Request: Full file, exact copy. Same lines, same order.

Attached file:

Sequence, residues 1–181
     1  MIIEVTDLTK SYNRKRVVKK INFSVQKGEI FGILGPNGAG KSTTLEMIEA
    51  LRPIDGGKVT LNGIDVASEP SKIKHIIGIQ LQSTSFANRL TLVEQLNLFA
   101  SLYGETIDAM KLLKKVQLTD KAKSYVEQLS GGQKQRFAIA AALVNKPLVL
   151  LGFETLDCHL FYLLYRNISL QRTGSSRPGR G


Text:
Sequence, residues 1–181
     1  MIIEVTDLTK SYNRKRVVKK INFSVQKGEI FGILGPNGAG KSTTLEMIEA
    51  LRPIDGGKVT LNGIDVASEP SKIKHIIGIQ LQSTSFANRL TLVEQLNLFA
   101  SLYGETIDAM KLLKKVQLTD KAKSYVEQLS GGQKQRFAIA AALVNKPLVL
   151  LGFETLDCHL FYLLYRNISL QRTGSSRPGR G